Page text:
Belarusian fashion designers have paid attention to the needs of people with disabilities. In May 2017 they organised the first fashion show with models using wheelchairs. Katsiaryna Tsikota released a TIKOTAinclusive collection with a special range of clothing designed to be comfortable for wheelchair users. Dozens of wheelchair users attended the show, including paralympians and social activists. So far, this remains the only show in Belarus using models in wheelchairs, while the massive state-owned enterprises ignore a need of such clothes production. In May last year the project won the Grand Prix in the annual competition of the best social initiatives at Social Weekend 9.
On 4 March, models in wheelchairs took part in another popular event, the Hrodno Fashion Show. Designers Valiantsina Apanovich and Volha Vialichka from Hrodna created two trendy collections for people with disabilities. Before 4 March, the organisers refused to let people in wheelchairs from Hrodna perform at Hrodno Fashion Show for two years because of “inconsistencies with the aesthetic format of the show,” according to the show’s administrators. After models in wheelchairs participated in the show, the designers announced their intention to produce and distribute a catalogue of clothes for wheelchair users.
Business and food places for wheelchair users in Belarus
In contrast to civil society activists, wheelchair users appear very rarely among Belarusian businessmen. For ten years Alexander Mahortau has produced qualitative and stylish wheelchairs at his own Minsk-based enterprise, Invatech. As the businessman told Radio Liberty, state-produced wheelchairs have a very low-quality and ugly appearance. Since the majority of his employees use wheelchairs, they aim to create comfortable wheelchairs taking into consideration users’ measurements and preferences. Mahortau receives orders from abroad and from famous Belarusian wheelchair users. For instance, Chychykava performed in the Miss Wheelchair World competition in one of the company’s wheelchairs.
The Belarusian authorities are ready for dialogue and action in support of persons with disabilities but remain reluctant to take the initiative. Civil society activist Alexandr Audzevich has demonstrated an ability to negotiate with the authorities. Thanks to him, the town of Lida has the first beach in Belarus adapted for people in wheelchairs. In addition, an activist successfully raised money through crowdfunding in order to travel 4,000 km through Europe on a manual bike, raising awareness about other Belarusians in a similar situation. Audzevich constantly visits Minsk’s cafes and restaurants, and motivates wheelchair users to pursue an active life.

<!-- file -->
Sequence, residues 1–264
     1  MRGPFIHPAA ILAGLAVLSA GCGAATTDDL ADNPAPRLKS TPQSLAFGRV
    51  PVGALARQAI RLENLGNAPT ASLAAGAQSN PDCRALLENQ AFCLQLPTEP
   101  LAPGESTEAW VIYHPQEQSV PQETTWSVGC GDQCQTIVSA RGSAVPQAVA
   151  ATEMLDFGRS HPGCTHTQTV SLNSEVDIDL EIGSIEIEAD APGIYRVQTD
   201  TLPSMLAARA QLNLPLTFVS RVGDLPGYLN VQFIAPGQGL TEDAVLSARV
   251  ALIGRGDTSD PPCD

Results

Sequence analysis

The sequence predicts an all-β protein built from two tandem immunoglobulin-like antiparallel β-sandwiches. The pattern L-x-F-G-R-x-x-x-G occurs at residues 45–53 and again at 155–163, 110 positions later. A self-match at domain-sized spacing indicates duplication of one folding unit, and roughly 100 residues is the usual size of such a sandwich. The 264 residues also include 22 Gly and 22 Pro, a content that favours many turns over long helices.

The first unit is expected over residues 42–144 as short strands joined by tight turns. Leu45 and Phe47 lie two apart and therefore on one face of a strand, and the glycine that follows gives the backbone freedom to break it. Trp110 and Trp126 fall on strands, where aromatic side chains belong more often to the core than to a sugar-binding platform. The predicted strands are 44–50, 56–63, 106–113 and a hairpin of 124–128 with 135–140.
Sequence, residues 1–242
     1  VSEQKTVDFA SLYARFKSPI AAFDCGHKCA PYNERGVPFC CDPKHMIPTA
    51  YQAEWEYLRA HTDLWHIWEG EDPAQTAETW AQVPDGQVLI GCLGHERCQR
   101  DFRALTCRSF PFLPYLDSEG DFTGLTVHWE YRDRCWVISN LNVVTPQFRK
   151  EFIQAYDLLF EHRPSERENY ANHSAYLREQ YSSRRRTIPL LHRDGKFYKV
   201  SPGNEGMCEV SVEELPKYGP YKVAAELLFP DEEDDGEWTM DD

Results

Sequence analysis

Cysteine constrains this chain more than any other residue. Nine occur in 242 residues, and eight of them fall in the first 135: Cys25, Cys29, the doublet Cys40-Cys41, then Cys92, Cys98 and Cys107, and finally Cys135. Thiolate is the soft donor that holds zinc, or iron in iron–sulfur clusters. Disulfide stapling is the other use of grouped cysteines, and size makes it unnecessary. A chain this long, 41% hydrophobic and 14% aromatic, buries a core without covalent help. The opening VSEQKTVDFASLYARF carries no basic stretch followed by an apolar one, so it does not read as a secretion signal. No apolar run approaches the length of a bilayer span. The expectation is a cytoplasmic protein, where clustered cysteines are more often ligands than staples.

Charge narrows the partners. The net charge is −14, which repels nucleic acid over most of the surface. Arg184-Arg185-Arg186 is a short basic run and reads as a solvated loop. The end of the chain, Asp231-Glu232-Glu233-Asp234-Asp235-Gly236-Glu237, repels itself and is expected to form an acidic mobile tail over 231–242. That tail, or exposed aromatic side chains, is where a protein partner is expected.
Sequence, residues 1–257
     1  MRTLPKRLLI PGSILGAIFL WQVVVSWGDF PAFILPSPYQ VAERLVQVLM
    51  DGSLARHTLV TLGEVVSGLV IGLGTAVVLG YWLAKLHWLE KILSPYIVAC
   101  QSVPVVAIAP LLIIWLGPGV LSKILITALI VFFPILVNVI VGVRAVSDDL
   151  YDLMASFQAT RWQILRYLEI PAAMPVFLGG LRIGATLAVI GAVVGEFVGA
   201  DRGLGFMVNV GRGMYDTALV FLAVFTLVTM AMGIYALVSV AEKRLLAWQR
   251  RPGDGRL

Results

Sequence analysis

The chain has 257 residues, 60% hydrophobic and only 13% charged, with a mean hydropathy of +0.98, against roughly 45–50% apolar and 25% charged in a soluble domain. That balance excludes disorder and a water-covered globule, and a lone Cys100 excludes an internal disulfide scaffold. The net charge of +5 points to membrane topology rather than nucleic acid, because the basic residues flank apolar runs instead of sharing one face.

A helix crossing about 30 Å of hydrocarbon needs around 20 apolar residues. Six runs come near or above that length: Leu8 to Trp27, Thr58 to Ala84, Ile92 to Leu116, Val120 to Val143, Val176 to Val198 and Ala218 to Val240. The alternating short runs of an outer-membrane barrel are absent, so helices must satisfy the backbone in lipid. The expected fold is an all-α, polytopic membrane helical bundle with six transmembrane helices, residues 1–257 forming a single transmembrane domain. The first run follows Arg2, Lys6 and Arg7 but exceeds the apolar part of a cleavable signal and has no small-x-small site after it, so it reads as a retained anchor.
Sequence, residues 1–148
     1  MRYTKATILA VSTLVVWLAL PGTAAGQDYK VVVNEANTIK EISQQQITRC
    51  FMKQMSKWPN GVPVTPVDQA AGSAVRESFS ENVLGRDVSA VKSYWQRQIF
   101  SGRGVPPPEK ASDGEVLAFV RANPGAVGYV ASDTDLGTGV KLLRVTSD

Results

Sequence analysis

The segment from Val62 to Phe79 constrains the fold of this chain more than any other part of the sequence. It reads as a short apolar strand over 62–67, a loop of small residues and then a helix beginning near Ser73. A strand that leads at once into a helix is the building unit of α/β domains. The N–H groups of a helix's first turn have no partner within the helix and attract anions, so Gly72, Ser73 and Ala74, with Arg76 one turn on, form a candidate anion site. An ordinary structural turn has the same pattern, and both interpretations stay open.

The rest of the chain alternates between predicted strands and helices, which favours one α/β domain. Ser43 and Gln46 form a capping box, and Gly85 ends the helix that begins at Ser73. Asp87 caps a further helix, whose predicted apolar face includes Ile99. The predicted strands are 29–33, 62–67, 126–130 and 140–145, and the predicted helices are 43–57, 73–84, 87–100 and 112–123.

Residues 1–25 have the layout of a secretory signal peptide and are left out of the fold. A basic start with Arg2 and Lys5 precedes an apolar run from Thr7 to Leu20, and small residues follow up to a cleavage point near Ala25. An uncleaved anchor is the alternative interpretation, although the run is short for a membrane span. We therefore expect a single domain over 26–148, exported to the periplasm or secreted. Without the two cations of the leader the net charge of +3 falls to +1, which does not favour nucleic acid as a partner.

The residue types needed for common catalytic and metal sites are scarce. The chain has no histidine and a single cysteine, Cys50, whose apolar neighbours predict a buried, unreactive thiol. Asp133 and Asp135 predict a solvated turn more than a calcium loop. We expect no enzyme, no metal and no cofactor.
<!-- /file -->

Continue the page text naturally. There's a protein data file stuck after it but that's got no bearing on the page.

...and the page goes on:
Most public places in Belarus remain unavailable for wheelchair users; a problem that can be solved at the local level. At the end of 2015 a journalist from Kyky.org, Dmitry Valotka, checked the availability of 11 central cafés and restaurants of Minsk – only one of which wheelchair users can access on their own. According to the owners of such cafés, people with disabilities do not visit them, “so there is no need for [special] equipment.” Research conducted by the Belarusian State University and the Office for the Rights of Persons with Disabilities in 2016 revealed that only 60 hotel rooms in Minsk suit tourists with special needs, and only five tourist agencies organise tours for wheelchair users.
Inclusive Belarus without governmental reform?
In recent years, the authorities have begun to address the problems of people with disabilities. After the Belarusian Parliament signed the Convention on the Rights of Persons with Disabilities in 2015, wheelchair-friendly infrastructure has become topical once again. The authorities focus on the question of benefits, the definition of disability in the framework of international qualifications and the introduction of quotas for the employment of people with disabilities.
However, Belarusian society remains a long way from accepting people with disabilities as an independent part of society. This is demonstrated through the attitude in public places. At the same time, there exist positive examples in spheres such as fashion shows for wheelchair users or businesses created by people with disabilities.
To create favourable conditions for wheelchair users, Belarusian activists and authorities must cooperate closely towards the education of society. Labour quotas discussed in the parliament, better conditions for businesses owned by disabled as well as widening spheres of inclusion of disabled might lead to real, not merely formal, improvements.